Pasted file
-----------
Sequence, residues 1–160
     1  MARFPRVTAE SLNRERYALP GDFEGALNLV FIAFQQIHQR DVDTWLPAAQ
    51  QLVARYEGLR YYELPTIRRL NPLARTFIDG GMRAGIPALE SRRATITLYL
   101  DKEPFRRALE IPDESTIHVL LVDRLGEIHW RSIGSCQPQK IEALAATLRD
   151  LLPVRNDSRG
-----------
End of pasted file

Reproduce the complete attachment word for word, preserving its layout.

Sequence, residues 1–160
     1  MARFPRVTAE SLNRERYALP GDFEGALNLV FIAFQQIHQR DVDTWLPAAQ
    51  QLVARYEGLR YYELPTIRRL NPLARTFIDG GMRAGIPALE SRRATITLYL
   101  DKEPFRRALE IPDESTIHVL LVDRLGEIHW RSIGSCQPQK IEALAATLRD
   151  LLPVRNDSRG